Stats the Obama campaign is circulating:
* Obama beat Clinton among women 35% to 30%
* Obama beat Edwards among voters in union households 30%-24%
* Obama beat Clinton and Edwards among voters of almost every income level (Obama and Clinton tied among voters who make $15-30,000)
* As many voters age 17-29 as voters 65 and older participated last night — in previous years senior participation has been 5-times greater than younger voters.
* Obama beat Edwards and Clinton among voters who want change (51%-20%-19%)
* Despite countless attacks and hundreds of thousands of dollars in negative mail, TV, and radio, Obama beat Clinton and Edwards (34%-30%-27%) among voters who say health care is the most important issue
* Obama won among those who said the economy was the most important issue (36%-26%-26%)
* Obama won over Clinton and Edwards (35%-26%-17%) among those who said Iraq was the most important issue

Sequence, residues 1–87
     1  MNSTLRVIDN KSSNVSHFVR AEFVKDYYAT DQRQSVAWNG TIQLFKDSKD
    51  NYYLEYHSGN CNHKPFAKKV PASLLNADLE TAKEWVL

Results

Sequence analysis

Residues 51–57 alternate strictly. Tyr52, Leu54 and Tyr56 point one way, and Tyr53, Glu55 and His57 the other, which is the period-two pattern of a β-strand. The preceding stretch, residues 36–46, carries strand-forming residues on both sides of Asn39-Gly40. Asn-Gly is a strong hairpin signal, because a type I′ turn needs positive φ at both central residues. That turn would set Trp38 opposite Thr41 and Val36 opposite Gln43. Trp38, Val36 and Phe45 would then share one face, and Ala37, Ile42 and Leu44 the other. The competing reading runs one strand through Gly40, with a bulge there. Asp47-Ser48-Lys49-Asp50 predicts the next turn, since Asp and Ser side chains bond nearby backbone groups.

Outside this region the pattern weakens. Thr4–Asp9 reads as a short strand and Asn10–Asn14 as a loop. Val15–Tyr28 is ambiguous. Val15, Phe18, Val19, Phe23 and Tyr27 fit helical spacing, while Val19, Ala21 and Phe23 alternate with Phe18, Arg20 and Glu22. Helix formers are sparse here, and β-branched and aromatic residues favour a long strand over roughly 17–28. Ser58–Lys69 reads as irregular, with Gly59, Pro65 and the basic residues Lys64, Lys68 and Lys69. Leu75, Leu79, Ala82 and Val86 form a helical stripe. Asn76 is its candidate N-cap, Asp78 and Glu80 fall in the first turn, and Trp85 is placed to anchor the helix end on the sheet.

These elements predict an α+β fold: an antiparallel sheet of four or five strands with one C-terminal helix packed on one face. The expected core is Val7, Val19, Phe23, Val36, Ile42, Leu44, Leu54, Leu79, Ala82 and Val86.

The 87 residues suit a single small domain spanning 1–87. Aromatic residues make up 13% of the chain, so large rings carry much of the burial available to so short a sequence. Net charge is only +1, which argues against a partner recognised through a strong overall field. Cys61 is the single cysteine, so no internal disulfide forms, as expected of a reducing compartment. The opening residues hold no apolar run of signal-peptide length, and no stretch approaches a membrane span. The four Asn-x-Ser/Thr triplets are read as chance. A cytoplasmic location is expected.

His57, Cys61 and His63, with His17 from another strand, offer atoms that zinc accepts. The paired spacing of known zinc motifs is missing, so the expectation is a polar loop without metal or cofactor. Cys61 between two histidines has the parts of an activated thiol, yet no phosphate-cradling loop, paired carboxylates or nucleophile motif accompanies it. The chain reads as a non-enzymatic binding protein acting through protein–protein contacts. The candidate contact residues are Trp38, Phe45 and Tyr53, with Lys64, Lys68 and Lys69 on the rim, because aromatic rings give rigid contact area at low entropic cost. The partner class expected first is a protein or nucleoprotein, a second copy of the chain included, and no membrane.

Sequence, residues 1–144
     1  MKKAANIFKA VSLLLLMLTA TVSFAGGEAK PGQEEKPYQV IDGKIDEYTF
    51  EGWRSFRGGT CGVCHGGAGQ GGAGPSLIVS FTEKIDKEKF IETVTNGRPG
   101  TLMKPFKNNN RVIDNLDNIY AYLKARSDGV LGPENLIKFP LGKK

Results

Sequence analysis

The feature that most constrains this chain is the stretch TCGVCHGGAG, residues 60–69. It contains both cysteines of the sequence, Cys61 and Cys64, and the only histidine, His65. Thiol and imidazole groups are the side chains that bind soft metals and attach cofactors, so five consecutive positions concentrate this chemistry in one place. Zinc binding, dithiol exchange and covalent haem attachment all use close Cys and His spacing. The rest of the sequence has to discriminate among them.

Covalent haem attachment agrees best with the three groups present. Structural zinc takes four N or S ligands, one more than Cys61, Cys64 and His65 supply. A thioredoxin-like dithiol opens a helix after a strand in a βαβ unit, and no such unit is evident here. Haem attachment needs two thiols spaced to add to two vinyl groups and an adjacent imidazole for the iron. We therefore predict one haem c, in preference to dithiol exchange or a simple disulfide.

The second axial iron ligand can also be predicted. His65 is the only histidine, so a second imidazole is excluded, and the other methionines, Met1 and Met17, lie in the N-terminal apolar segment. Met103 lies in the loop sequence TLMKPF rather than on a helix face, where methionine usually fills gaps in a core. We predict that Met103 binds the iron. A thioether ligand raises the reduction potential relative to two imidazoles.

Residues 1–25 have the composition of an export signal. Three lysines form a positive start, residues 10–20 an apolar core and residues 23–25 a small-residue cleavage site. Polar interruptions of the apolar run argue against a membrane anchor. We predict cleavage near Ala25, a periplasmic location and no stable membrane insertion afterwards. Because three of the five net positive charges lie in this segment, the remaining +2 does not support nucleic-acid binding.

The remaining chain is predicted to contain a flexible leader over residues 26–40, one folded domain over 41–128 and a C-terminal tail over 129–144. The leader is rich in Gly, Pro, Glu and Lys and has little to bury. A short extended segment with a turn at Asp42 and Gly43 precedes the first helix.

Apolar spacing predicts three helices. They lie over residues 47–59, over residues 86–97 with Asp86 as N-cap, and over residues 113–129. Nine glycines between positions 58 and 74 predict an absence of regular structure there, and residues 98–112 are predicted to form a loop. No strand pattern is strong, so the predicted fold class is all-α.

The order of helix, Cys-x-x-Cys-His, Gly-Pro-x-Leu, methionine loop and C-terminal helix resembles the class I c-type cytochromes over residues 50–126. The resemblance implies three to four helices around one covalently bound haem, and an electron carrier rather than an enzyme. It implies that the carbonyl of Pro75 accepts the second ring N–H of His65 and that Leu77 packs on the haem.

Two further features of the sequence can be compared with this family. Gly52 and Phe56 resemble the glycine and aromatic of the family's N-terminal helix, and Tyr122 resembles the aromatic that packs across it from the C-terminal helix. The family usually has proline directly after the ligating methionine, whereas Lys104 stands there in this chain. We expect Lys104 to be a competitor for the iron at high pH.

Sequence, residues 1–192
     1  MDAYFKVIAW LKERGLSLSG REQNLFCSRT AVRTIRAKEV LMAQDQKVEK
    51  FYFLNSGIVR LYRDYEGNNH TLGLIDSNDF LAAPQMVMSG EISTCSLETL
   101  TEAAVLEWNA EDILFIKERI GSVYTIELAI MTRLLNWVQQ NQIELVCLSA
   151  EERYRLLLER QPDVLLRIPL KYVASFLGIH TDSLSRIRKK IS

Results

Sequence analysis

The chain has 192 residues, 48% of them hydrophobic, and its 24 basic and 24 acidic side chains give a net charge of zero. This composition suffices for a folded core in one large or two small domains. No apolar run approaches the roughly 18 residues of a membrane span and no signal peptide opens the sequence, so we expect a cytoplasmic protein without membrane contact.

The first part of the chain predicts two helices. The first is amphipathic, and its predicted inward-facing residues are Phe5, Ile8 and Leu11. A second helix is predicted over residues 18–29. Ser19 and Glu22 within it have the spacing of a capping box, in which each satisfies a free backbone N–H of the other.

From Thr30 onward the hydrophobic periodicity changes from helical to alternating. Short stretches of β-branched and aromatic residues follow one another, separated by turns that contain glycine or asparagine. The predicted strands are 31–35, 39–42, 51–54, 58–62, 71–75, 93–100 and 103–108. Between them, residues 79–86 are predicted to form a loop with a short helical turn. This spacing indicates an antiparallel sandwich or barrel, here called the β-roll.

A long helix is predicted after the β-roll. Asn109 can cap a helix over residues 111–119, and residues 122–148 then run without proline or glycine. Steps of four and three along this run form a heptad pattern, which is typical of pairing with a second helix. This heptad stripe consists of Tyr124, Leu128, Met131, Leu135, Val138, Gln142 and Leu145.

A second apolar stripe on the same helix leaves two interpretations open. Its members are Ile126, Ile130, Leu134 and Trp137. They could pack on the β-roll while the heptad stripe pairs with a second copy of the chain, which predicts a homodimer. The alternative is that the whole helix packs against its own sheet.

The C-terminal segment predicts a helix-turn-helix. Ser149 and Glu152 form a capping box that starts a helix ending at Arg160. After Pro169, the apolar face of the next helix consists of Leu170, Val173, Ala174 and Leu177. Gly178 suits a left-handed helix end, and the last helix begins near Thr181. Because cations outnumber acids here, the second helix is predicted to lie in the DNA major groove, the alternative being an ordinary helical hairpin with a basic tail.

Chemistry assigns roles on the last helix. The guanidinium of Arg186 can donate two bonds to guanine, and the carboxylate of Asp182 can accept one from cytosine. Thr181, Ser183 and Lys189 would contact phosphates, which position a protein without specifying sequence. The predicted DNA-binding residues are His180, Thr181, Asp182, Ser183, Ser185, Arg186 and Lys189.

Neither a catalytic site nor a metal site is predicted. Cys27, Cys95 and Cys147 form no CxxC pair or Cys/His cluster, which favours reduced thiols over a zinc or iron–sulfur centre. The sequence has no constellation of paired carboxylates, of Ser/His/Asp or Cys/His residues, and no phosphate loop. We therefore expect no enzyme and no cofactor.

* Won across the ideological spectrum – winning among liberals, moderates and conservatives
* Won among high income and lower income voters among voters with household income below $50,000 (34%-32%-19%) and among those over $50,000 (41%-19%-28%)
* Also won among the 82% of voters who said Pakistan was “very or somewhat important”
Some nuggets from the Republican side:
*While Mike Huckabee smashed the competition among evangelicals, he finished fourth among non-evangelicals. While Huckabee has consolidated much of the evangelical base, the party’s other factions remain skeptical of his fiscal and national security records.
*The top candidate quality voters were seeking: 45% – shares my values, 33% – says what he believes, 14% – experience, 7% – electability. There was a clear outcry for change in both parties, as the fresh face pledging to alter traditional politics trumped the Washington establishment candidate.